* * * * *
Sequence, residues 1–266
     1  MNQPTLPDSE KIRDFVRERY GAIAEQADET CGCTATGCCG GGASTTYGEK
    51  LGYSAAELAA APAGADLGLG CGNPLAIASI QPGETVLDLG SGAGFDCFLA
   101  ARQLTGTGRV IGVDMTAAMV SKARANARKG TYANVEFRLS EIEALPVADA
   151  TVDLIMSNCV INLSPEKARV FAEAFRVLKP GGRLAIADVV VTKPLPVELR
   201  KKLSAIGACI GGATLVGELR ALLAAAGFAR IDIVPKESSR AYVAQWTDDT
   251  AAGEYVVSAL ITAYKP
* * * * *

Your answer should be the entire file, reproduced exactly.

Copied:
Sequence, residues 1–266
     1  MNQPTLPDSE KIRDFVRERY GAIAEQADET CGCTATGCCG GGASTTYGEK
    51  LGYSAAELAA APAGADLGLG CGNPLAIASI QPGETVLDLG SGAGFDCFLA
   101  ARQLTGTGRV IGVDMTAAMV SKARANARKG TYANVEFRLS EIEALPVADA
   151  TVDLIMSNCV INLSPEKARV FAEAFRVLKP GGRLAIADVV VTKPLPVELR
   201  KKLSAIGACI GGATLVGELR ALLAAAGFAR IDIVPKESSR AYVAQWTDDT
   251  AAGEYVVSAL ITAYKP